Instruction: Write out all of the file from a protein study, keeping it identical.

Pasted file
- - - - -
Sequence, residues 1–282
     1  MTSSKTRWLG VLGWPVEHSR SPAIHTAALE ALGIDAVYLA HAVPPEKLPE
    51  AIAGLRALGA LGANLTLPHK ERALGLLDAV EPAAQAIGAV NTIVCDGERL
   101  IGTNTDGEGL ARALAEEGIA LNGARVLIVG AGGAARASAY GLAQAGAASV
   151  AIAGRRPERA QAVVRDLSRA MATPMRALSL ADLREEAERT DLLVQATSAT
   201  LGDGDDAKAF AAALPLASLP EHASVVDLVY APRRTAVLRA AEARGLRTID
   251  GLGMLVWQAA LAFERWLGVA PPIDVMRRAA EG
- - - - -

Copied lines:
Sequence, residues 1–282
     1  MTSSKTRWLG VLGWPVEHSR SPAIHTAALE ALGIDAVYLA HAVPPEKLPE
    51  AIAGLRALGA LGANLTLPHK ERALGLLDAV EPAAQAIGAV NTIVCDGERL
   101  IGTNTDGEGL ARALAEEGIA LNGARVLIVG AGGAARASAY GLAQAGAASV
   151  AIAGRRPERA QAVVRDLSRA MATPMRALSL ADLREEAERT DLLVQATSAT
   201  LGDGDDAKAF AAALPLASLP EHASVVDLVY APRRTAVLRA AEARGLRTID
   251  GLGMLVWQAA LAFERWLGVA PPIDVMRRAA EG